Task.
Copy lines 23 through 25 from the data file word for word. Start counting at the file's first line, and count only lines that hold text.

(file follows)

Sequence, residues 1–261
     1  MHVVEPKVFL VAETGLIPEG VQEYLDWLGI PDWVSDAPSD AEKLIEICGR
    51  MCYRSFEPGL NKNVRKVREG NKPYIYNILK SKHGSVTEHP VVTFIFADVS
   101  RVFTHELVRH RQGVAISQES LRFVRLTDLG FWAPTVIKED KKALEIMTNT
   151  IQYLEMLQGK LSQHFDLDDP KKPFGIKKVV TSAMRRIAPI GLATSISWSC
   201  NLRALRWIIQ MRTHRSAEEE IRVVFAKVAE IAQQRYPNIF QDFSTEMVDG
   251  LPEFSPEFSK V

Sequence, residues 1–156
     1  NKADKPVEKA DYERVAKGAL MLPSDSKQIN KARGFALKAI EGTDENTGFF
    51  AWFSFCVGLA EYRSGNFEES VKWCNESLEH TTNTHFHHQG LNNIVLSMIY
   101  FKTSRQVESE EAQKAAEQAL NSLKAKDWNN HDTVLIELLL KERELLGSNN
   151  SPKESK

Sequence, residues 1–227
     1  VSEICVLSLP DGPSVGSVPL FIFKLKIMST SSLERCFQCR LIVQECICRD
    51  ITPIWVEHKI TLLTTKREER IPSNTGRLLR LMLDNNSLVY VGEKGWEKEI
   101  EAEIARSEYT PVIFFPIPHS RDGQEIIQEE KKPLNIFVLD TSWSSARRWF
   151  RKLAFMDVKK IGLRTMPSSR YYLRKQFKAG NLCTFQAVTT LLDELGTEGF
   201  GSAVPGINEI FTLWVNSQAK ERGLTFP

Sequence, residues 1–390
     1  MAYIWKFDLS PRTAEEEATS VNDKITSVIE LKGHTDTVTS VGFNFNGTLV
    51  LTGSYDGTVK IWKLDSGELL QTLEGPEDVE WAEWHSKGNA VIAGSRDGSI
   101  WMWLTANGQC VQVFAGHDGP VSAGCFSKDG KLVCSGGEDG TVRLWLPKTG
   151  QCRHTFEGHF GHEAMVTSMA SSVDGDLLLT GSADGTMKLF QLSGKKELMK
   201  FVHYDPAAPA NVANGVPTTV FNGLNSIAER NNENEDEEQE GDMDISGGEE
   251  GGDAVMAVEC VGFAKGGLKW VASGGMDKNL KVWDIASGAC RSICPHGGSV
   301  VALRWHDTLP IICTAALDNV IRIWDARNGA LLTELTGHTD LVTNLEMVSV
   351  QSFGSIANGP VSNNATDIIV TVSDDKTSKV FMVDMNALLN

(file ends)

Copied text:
   151  QCRHTFEGHF GHEAMVTSMA SSVDGDLLLT GSADGTMKLF QLSGKKELMK
   201  FVHYDPAAPA NVANGVPTTV FNGLNSIAER NNENEDEEQE GDMDISGGEE
   251  GGDAVMAVEC VGFAKGGLKW VASGGMDKNL KVWDIASGAC RSICPHGGSV